Responding To Defense Dependence

Overview

The 1970s and 1980s witnessed growing concern in the United States regarding the relative decline of the American economy and, for defense planners, the military's growing dependence on foreign production of weapons' parts and subcomponents—the guts of many critical weapons systems. The period also witnessed growing interest in industrial policy as a tool for promoting U.S. international competitiveness, defense sectors proving to be particularly attractive candidates for government economic intervention. This ...

See more details below
Hardcover
$107.16
BN.com price
(Save 3%)$110.95 List Price
Other sellers (Hardcover)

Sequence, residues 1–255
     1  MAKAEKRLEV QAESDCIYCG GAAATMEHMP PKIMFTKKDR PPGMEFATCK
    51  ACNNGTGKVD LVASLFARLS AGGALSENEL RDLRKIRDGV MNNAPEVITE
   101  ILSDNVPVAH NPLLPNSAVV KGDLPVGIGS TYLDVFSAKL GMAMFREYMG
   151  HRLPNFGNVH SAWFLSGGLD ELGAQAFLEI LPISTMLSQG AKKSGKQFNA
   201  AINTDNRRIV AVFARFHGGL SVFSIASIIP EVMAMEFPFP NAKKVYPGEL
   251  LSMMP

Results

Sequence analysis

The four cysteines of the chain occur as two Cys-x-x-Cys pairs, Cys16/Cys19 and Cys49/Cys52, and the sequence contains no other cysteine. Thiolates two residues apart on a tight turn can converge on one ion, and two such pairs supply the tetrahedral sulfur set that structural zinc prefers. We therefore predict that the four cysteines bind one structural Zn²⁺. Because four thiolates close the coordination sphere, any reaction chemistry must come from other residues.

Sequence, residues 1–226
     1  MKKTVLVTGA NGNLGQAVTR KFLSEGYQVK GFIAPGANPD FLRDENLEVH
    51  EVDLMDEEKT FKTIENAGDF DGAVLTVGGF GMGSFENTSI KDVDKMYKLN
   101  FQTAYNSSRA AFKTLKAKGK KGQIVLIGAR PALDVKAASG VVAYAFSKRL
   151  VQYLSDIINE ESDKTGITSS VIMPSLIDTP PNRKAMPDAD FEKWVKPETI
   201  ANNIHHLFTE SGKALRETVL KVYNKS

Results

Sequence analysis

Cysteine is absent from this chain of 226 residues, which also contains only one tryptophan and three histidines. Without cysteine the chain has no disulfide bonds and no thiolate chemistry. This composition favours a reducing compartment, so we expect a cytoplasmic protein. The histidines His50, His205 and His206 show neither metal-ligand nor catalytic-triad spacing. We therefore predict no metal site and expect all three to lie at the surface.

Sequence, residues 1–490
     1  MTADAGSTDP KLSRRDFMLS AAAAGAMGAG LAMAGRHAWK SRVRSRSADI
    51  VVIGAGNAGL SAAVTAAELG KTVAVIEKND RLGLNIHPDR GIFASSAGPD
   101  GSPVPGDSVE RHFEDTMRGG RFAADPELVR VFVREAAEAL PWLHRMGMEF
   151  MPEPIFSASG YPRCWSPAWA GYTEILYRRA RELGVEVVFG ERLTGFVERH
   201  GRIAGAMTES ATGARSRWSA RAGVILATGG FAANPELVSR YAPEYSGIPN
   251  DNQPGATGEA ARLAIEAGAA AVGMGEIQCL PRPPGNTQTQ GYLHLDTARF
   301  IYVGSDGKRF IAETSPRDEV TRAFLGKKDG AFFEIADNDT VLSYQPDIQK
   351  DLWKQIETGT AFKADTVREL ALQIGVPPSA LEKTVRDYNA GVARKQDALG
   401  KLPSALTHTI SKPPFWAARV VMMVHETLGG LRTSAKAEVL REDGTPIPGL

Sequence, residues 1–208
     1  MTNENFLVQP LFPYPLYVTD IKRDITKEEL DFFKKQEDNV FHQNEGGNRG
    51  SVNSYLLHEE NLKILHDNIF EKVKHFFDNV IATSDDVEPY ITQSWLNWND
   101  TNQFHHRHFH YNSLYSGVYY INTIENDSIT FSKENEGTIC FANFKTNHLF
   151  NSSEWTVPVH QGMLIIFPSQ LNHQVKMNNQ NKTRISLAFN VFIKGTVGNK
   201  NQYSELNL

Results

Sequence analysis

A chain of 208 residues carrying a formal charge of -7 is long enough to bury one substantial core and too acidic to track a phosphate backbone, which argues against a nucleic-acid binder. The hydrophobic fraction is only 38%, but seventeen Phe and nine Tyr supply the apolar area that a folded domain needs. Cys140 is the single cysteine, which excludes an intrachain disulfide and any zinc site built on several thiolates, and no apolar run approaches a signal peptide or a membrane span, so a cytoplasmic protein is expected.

• All (3) from $116.20   
  • New (2) from $116.20   
  • Used (1) from $174.45   
Sending request ...

Overview

The 1970s and 1980s witnessed growing concern in the United States regarding the relative decline of the American economy and, for defense planners, the military's growing dependence on foreign production of weapons' parts and subcomponents—the guts of many critical weapons systems. The period also witnessed growing interest in industrial policy as a tool for promoting U.S. international competitiveness, defense sectors proving to be particularly attractive candidates for government economic intervention. This study traces the evolution of defense dependence and the U.S. government's response to this dilemma by examining policy ideas and experiments in four defense industries—machine tools, semiconductor manufacturing, ball bearings, and high-definition television technologies—explaining successes and failures, and reviewing prospects for expansion.